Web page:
Against the Grain

Scott Walker Is Overstating His Blue-State Appeal

If Democratic turnout in Wisconsin’s three biggest counties had been at presidential-election-year levels, Walker would have struggled to win reelection as governor.

Wisconsin Governor Scott Walker announces that he will seek the Republican nomination for president July 13, 2015 in Waukesha, Wisconsin. 
National Journal
July 13, 2015, 2:45 p.m.

Wis­con­sin Gov. Scott Walk­er kicked off his cam­paign Monday by ar­guing he’s one of the only Re­pub­lic­an can­did­ates who has both gov­erned con­ser­vat­ively and won elec­tions in a Demo­crat­ic-friendly state. “In the Re­pub­lic­an field, there are some who are good fight­ers. They haven’t won those battles. There are oth­ers who have won elec­tions, but haven’t con­sist­ently taken on the big fights. We showed you can do both,” Walk­er said in his kick­off video, re­mind­ing sup­port­ers he won three straight elec­tions in a “blue state.”

Walk­er’s polit­ic­al ar­gu­ment is ac­cur­ate at face value, but it comes with a ma­jor caveat: All three of his suc­cess­ful cam­paigns took place sep­ar­ate from the pres­id­en­tial elec­tion, when turnout among many of the Demo­crat­ic Party’s core con­stitu­en­cies dropped off pre­cip­it­ously. Wis­con­sin has one of the most po­lar­ized elect­or­ates in the coun­try, and there’s a sig­ni­fic­antly lower midterm turnout in the state’s most-lib­er­al counties (most dra­mat­ic­ally, in Mil­wau­kee County) com­pared to the state’s con­ser­vat­ive base (Wauke­sha County). The more a county sup­por­ted Walk­er, the more likely it was to see strong turnout in an off-year elec­tion.

Walk­er’s suc­cess had as much to do with the polit­ic­al cal­en­dar and the state’s po­lar­ized elect­or­ate as it did with cros­sov­er ap­peal. He won only 6 per­cent of Demo­crat­ic voters in his 2014 reelec­tion. Many Afric­an-Amer­ic­an voters simply stayed home dur­ing Walk­er’s gubernat­ori­al cam­paigns, while a dis­pro­por­tion­ate num­ber of col­lege stu­dents sat out the con­ten­tious June 2012 re­call elec­tion — which took place after cam­puses’ spring semester con­cluded. That’s not likely to re­peat it­self if he’s the GOP pres­id­en­tial nom­in­ee.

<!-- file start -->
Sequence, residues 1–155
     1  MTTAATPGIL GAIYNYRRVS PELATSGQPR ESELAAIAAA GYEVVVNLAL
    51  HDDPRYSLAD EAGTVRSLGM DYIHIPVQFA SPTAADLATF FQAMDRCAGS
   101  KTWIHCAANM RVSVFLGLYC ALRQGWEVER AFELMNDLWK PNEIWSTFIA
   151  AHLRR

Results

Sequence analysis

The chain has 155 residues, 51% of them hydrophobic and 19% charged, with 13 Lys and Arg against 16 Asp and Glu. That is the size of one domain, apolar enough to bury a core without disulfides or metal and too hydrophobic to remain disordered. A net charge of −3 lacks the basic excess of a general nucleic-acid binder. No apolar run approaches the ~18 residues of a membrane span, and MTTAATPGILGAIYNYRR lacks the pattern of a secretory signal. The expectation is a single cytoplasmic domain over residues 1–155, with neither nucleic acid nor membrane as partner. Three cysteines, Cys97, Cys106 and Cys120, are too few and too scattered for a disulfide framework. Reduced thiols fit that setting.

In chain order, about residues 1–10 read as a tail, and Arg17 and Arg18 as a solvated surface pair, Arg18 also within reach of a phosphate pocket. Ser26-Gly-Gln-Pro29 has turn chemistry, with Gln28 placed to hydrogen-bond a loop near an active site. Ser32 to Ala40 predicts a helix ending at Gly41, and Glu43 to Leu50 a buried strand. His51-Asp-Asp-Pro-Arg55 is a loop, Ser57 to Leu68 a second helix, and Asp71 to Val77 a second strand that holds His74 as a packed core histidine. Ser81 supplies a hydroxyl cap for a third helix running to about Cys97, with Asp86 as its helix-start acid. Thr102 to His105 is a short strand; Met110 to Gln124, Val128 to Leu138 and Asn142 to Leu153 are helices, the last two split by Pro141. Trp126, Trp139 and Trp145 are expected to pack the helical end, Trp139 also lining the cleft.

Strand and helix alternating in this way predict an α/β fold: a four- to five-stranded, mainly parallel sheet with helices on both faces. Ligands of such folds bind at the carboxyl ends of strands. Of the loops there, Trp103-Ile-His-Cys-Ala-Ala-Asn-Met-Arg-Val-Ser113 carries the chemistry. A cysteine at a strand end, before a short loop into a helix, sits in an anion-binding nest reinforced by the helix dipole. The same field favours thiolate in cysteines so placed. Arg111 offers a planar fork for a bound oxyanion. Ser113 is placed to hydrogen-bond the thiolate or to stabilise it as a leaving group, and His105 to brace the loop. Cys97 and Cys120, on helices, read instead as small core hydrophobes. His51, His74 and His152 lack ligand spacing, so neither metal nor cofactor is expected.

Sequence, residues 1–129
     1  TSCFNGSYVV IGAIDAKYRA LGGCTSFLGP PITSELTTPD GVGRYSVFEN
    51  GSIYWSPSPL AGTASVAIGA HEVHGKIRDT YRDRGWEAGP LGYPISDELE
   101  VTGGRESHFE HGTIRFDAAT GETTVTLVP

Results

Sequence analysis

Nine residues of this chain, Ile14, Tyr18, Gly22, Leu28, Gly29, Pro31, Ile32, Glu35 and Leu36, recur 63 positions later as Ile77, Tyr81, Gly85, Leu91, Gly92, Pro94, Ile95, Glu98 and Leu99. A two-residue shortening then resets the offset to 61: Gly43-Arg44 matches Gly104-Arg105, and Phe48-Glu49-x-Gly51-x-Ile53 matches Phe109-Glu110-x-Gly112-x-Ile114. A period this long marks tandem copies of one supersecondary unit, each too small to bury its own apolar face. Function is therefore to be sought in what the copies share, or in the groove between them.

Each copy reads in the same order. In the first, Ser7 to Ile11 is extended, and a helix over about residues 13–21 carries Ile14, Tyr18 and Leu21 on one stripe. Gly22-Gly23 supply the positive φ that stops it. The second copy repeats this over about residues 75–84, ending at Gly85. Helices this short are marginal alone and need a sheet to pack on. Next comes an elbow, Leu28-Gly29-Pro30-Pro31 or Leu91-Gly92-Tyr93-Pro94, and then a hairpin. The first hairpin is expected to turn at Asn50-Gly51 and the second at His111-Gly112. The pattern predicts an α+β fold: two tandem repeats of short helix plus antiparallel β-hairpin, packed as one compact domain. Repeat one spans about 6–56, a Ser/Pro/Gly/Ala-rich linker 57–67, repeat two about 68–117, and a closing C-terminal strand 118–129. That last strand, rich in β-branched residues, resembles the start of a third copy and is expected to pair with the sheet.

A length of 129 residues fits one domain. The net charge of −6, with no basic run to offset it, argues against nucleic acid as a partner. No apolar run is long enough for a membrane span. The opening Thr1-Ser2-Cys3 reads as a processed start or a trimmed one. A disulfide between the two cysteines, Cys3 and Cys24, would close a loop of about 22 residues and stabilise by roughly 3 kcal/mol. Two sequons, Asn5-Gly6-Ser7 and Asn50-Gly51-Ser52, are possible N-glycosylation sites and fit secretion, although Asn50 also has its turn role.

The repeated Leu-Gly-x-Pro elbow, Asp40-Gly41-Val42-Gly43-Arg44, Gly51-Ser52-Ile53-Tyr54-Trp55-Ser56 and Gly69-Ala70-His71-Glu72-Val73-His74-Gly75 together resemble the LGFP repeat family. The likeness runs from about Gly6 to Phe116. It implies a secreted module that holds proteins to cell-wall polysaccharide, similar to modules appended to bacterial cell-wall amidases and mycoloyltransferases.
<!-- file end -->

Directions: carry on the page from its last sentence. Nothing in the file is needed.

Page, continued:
(RE­LATED: Scott Walk­er, the Pres­id­en­tial Can­did­ate Next Door)

To wit: Ac­cord­ing to exit polling, young adults un­der the age of 30 made up 20 per­cent of the 2012 pres­id­en­tial elect­or­ate, but that num­ber dropped to 16 per­cent dur­ing the re­call elec­tion. White voters made up 91 per­cent of the re­call vote, but only 86 per­cent in the last pres­id­en­tial cam­paign. The Afric­an-Amer­ic­an per­cent­age of the elect­or­ate was nearly twice as high in Novem­ber 2012 (7 per­cent) as it was two years pri­or in 2010 (4 per­cent). In the Demo­crat­ic bas­tion of Mil­wau­kee County, turnout for the 2014 midterm elec­tion was only 74 per­cent of the vote total for the 2012 pres­id­en­tial elec­tion. In deeply con­ser­vat­ive Wauke­sha County, that num­ber was much high­er: 83 per­cent.

In­deed, if voters from both parties had turned out at the same rates as in pres­id­en­tial elec­tions in just the state’s three largest counties (Wauke­sha, Dane, and Mil­wau­kee), the res­ult­ing surge in Demo­crat­ic turnout would nearly wipe out Walk­er’s en­tire mar­gin of vic­tory in the state. Even more fas­cin­at­ing: Nearly all of the drop-off in non-pres­id­en­tial-year turnout in deeply-con­ser­vat­ive Wauke­sha County came from Demo­crats. (Walk­er held nearly all — 95 per­cent — of Mitt Rom­ney’s Wauke­sha County vote total in the 2012 re­call elec­tion. Demo­crat Tom Bar­rett man­aged to re­tain only 74 per­cent of Pres­id­ent Obama’s 2012 sup­port.)

In fact, Walk­er’s play-to-the-base strategy in win­ning three con­sec­ut­ive elec­tions car­ries a lot of sim­il­ar­it­ies to Pres­id­ent Obama’s ap­proach to polit­ics. In Novem­ber 2014, Walk­er won reelec­tion with over­whelm­ing sup­port from male voters (60 per­cent against Demo­crat Mary Burke), white voters (56 per­cent), and con­ser­vat­ives (87 per­cent). Obama trans­lated over­whelm­ing sup­port and his­tor­ic turnout among col­lege stu­dents, single wo­men, and non­white voters to win two straight cam­paigns.

(RE­LATED: Scott Walk­er: Con­ser­vat­ive Now, Mod­er­ate Later?)

In a more ho­mo­gen­eous state like Wis­con­sin, ap­peal­ing to non­white voters isn’t ne­ces­sary for Re­pub­lic­ans to win elec­tions. But to win a hotly-con­tested pres­id­en­tial elec­tion, it’s a near-re­quire­ment for the GOP’s 2016 nom­in­ee to at least make some in­roads. Walk­er may have that cros­sov­er abil­ity, but he hasn’t proved it yet.

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